Random food-related personal trivia ahoy!

Have you ever been curious about other people’s food idiosyncrasies? Here are a dozen of mine:

1). I enjoy monosodium glutamate (MSG). Growing up in a Japanese-American household, we always had MSG in our spice cabinet. We refer to it by its brand name: Aji-no-moto. I never knew it was “horrible” for you until MSG started blowing up the health news circuits. I’m not afraid of it. I still eat it. I don’t buy the full spectrum of negative hype surrounding it any more than I buy the full spectrum of negative hype surrounding soy (i.e. tofu), another common Japanese food I grew up eating. Japanese cuisine is generally healthier than standard American fare. We get our Ajinomoto from the mom & pop Japanese market down the street. You can get it from Amazon dot com.

2). My brain does not know how to tell my body that I’m full when I’m eating pasta. I could eat an entire box in one sitting, so when I make pasta at home, I measure out the exact serving size and make just that amount. In restaurants, I almost never take home leftover pasta, no matter how large the serving size. I eat it all and wish there was more.

3). Along with several other kids on our street, my brother and I used to climb a neighbor’s front-yard almond tree. We ate the almonds while they were still green. We didn’t realize that we were vandalizing, trespassing, and stealing. Because of our unfortunate past-time,  I came to crave the raw, sweet green almonds, and I didn’t understand why they weren’t available in the store. I still enjoy raw almonds, and I still wish they were green.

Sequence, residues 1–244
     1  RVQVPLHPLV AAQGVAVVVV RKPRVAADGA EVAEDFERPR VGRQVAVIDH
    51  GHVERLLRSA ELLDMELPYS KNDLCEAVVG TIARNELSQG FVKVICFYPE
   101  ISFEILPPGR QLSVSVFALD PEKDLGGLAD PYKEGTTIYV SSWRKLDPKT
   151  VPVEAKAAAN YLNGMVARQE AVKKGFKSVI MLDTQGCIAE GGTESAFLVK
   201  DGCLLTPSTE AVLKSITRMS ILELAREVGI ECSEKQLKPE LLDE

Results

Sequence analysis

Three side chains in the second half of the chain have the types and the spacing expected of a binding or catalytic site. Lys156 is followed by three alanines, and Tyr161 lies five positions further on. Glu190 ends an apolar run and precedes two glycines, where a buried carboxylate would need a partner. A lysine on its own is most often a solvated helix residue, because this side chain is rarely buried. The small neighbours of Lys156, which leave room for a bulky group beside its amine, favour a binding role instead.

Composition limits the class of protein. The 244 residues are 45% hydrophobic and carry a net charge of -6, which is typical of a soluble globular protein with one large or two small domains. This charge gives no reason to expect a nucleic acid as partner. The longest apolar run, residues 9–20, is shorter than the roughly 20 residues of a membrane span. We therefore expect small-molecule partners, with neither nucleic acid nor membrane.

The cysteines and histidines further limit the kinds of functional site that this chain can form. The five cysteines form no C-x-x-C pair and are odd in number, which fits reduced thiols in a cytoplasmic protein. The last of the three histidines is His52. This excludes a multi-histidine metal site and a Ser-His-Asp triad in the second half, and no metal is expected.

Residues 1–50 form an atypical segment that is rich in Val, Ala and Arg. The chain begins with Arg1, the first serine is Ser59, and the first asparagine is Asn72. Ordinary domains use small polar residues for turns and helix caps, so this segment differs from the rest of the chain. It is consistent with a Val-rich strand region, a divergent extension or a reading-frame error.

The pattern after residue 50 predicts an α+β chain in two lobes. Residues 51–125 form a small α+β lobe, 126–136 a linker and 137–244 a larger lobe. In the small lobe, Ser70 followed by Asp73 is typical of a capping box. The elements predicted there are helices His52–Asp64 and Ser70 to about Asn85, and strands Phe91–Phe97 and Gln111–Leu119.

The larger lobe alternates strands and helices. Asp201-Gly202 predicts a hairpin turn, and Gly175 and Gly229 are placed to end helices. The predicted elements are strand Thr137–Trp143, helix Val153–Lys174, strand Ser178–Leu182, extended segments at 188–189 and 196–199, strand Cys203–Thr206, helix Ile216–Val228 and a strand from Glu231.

4). I don’t go around pontificating about vegetarianism or veganism, but if I find a veggie-pride shirt I like, I’ll get it and wear it. And take selfies in it.

 

No Meat Athlete workout apparel

No Meat Athlete workout apparel

“It is better to be a warrior in a garden than a gardener in a war”

Powered by plants

Powered by plants

 

5). If I could only take one food with me to a deserted island, it would be Chipotle Tabasco Sauce. It would make anything on the island edible.

6). I’m a shameless breadaholic. I eat bread of some type or another at both lunch and dinner (unless dinner is something like sushi). My favorite toast is sourdough.

7). My favorite sushi is brown rice with avocado and cucumber, and Callaghan makes the best.

8). When I was in army basic training at Ft. Jackson, our drill sergeant threatened we city recruits with chitlins. I wasn’t afraid. But then I witnessed a particularly strange punishment involving orange soda, and I haven’t wanted orange soda since.

9). I always thought that beets were the most hilarious food on the planet, I have no idea why, and I still can’t eat them.

10). Nutritional yeast powder is one of my favorite foods, and I consume at least a handful of it every week. We get it in a huge can (from Whole Foods… their brand).

11). I’m hooked on cold water stirred up with a teaspoon of apple cider vinegar (Bragg’s raw unfiltered, always); I drink it after both lunch and dinner.

12). I don’t understand poi. No amount of sugar in the world can persuade me to understand it.